Quotable (#102)

Revenge of the nerds accelerates, at Grey Enlightenment:

In the post-2008 era, social awkwardness, a defining characteristic of Asperger syndrome, is the new ‘cool’, in contrast to being all style and no substance, since awkwardness conveys authenticity and competence. It seems people with the ‘good’ social skills are putting those skills to use at Starbucks, for example, asking techies in line what toppings they want on their coffee, while those who are better at reading code and equations than reading faces are making all of the money in today’s economy. In what could be called the the tyranny of the bookish, today’s cognitive elite, like the 21st century equivalent of kings and barons, are being waited on by the ‘servants’ in the low-paid, but very competitive service sector. Cognitive capital, more than ever, has precedence over social capital, and this is exemplified by the meritocracy that is the tech culture of Silicon Valley, where anyone with a good idea can become instantly immensely rich and successful through hard work and raw intellect instead of family connections.

(Via.)

Quotable (#101)

Nuance on encryption from some senior voices in the US security establishment:

We recognize the importance our officials attach to being able to decrypt a coded communication under a warrant or similar legal authority. But the issue that has not been addressed is the competing priorities that support the companies’ resistance to building in a back door or duplicated key for decryption. We believe that the greater public good is a secure communications infrastructure protected by ubiquitous encryption at the device, server and enterprise level without building in means for government monitoring. […] … Strategically, the interests of U.S. businesses are essential to protecting U.S. national security interests. After all, political power and military power are derived from economic strength. If the United States is to maintain its global role and influence, protecting business interests from massive economic espionage is essential. And that imperative may outweigh the tactical benefit of making encrypted communications more easily accessible to Western authorities.

ADDED: Friedersdorf comments.

Make it Stop II

Autonomous Weapons: an Open Letter from AI & Robotics Researchers (with huge list of signatories):

Autonomous weapons select and engage targets without human intervention. They might include, for example, armed quadcopters that can search for and eliminate people meeting certain pre-defined criteria, but do not include cruise missiles or remotely piloted drones for which humans make all targeting decisions. Artificial Intelligence (AI) technology has reached a point where the deployment of such systems is — practically if not legally — feasible within years, not decades, and the stakes are high: autonomous weapons have been described as the third revolution in warfare, after gunpowder and nuclear arms.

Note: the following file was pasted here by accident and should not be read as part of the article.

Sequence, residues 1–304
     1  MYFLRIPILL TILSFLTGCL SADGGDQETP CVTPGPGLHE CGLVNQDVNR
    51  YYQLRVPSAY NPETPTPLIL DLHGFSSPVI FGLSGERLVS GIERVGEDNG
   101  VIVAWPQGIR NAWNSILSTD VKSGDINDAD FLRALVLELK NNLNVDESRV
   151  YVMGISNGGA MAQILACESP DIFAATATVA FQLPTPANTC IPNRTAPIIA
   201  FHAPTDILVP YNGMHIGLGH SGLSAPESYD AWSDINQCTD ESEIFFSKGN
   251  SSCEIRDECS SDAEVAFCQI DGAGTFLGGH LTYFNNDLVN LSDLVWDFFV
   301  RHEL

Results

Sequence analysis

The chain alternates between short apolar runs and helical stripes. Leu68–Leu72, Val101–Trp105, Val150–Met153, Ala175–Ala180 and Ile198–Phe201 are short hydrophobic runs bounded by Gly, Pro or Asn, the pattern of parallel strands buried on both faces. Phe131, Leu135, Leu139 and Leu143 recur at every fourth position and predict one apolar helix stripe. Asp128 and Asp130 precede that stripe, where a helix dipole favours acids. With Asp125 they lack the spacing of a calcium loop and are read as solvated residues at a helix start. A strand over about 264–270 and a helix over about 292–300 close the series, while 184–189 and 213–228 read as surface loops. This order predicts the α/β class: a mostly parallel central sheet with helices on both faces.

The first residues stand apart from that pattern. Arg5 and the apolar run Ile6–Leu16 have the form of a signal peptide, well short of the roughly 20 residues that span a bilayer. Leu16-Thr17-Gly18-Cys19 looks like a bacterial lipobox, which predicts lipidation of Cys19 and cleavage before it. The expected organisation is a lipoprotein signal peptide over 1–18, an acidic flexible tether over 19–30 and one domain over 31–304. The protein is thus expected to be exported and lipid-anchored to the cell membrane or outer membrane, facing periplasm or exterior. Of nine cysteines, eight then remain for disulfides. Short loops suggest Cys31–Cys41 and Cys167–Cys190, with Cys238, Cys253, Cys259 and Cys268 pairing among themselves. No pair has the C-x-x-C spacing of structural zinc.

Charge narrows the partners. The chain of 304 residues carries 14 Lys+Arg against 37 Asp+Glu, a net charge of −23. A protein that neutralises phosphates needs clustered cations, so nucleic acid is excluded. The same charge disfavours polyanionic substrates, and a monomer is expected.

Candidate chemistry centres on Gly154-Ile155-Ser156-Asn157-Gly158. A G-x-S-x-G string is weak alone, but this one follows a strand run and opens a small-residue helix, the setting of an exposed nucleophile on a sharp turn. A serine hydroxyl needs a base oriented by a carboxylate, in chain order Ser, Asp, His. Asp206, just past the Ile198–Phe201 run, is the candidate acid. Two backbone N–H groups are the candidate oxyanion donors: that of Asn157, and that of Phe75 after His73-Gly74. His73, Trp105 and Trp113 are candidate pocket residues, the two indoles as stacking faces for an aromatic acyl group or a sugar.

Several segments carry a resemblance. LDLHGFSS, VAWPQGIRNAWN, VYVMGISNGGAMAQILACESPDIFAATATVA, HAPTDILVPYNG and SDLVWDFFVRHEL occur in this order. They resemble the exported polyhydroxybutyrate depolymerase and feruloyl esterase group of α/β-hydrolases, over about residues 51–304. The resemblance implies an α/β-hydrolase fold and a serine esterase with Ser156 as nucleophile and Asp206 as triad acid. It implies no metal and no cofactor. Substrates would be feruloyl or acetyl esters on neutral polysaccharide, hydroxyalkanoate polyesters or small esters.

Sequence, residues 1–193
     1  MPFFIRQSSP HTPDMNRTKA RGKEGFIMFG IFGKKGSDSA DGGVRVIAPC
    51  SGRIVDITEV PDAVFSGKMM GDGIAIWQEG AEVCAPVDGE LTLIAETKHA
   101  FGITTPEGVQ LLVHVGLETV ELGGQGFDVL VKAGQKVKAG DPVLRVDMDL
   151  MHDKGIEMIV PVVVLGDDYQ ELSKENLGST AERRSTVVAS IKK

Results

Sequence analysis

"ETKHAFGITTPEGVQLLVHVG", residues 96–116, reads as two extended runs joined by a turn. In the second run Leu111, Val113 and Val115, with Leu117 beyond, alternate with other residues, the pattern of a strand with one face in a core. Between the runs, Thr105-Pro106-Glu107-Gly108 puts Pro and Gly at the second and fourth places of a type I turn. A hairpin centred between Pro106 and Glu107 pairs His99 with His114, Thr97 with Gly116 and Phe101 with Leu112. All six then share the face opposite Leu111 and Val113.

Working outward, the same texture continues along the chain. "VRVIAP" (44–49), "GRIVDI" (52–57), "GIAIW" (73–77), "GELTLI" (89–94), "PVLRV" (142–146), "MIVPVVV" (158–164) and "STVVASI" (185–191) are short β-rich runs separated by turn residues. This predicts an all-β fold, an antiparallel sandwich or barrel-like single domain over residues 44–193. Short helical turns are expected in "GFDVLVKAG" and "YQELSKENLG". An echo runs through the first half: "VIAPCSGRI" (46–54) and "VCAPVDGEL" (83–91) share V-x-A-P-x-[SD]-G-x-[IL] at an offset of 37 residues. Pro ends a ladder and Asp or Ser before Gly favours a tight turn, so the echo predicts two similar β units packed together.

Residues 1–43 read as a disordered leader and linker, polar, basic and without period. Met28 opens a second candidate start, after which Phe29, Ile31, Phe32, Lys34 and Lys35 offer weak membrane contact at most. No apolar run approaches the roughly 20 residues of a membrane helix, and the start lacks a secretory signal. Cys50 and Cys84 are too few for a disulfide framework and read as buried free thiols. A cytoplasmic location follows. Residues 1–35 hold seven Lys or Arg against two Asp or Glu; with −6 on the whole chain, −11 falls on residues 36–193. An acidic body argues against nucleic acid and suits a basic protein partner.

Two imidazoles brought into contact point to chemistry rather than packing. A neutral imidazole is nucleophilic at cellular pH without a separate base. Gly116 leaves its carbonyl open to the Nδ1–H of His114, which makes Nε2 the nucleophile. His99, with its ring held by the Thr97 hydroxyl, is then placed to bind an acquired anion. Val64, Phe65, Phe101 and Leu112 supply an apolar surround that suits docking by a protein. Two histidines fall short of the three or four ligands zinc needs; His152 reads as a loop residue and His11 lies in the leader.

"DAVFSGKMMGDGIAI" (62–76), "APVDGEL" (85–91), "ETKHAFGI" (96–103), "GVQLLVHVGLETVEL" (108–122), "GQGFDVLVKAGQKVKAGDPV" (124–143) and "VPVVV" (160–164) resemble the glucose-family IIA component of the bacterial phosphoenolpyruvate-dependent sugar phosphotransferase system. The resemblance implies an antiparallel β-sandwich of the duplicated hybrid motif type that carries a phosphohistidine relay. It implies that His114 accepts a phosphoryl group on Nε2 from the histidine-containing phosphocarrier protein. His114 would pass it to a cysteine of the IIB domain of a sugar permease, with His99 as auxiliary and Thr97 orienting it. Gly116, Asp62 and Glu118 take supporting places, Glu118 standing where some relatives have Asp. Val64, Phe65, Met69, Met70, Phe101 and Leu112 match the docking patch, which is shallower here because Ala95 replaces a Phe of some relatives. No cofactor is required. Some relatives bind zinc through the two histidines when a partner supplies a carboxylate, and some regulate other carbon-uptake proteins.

Many arguments have been made for and against autonomous weapons, for example that replacing human soldiers by machines is good by reducing casualties for the owner but bad by thereby lowering the threshold for going to battle. The key question for humanity today is whether to start a global AI arms race or to prevent it from starting. If any major military power pushes ahead with AI weapon development, a global arms race is virtually inevitable, and the endpoint of this technological trajectory is obvious: autonomous weapons will become the Kalashnikovs of tomorrow. Unlike nuclear weapons, they require no costly or hard-to-obtain raw materials, so they will become ubiquitous and cheap for all significant military powers to mass-produce. It will only be a matter of time until they appear on the black market and in the hands of terrorists, dictators wishing to better control their populace, warlords wishing to perpetrate ethnic cleansing, etc. Autonomous weapons are ideal for tasks such as assassinations, destabilizing nations, subduing populations and selectively killing a particular ethnic group. We therefore believe that a military AI arms race would not be beneficial for humanity. There are many ways in which AI can make battlefields safer for humans, especially civilians, without creating new tools for killing people.